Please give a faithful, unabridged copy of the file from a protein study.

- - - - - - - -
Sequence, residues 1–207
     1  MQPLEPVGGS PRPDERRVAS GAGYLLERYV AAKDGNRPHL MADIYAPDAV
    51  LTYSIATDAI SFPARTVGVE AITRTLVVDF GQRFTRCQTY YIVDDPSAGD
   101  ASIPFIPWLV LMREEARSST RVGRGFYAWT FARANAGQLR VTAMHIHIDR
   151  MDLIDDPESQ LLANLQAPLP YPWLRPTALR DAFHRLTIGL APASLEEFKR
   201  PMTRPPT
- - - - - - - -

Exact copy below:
Sequence, residues 1–207
     1  MQPLEPVGGS PRPDERRVAS GAGYLLERYV AAKDGNRPHL MADIYAPDAV
    51  LTYSIATDAI SFPARTVGVE AITRTLVVDF GQRFTRCQTY YIVDDPSAGD
   101  ASIPFIPWLV LMREEARSST RVGRGFYAWT FARANAGQLR VTAMHIHIDR
   151  MDLIDDPESQ LLANLQAPLP YPWLRPTALR DAFHRLTIGL APASLEEFKR
   201  PMTRPPT